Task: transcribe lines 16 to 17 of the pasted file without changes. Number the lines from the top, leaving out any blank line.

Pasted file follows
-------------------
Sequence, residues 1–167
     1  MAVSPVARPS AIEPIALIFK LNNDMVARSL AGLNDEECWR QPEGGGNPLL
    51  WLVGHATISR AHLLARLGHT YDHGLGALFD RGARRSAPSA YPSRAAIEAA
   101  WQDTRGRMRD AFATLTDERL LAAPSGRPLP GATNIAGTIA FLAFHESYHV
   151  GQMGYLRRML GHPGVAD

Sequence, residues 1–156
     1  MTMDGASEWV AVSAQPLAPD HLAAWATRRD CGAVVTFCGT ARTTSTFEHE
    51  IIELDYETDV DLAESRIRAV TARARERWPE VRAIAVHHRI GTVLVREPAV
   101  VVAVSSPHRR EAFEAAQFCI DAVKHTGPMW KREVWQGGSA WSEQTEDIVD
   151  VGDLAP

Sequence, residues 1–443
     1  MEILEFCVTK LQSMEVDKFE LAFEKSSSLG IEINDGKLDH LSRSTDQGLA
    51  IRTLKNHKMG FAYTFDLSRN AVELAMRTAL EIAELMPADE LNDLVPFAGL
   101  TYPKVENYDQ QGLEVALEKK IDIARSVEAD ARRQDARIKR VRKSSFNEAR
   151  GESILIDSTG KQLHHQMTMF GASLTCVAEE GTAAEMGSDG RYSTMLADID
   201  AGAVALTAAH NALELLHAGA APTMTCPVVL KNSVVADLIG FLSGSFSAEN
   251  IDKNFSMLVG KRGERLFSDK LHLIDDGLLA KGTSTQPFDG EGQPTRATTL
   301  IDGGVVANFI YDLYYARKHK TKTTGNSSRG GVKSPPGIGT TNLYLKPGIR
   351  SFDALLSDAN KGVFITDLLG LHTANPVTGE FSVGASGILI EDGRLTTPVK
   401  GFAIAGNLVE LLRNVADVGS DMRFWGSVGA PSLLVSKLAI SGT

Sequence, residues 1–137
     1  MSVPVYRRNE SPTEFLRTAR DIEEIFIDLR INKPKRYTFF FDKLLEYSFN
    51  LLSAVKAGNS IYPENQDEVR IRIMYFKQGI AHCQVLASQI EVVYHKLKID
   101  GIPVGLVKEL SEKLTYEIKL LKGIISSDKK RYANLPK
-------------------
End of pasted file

   201  AGAVALTAAH NALELLHAGA APTMTCPVVL KNSVVADLIG FLSGSFSAEN
   251  IDKNFSMLVG KRGERLFSDK LHLIDDGLLA KGTSTQPFDG EGQPTRATTL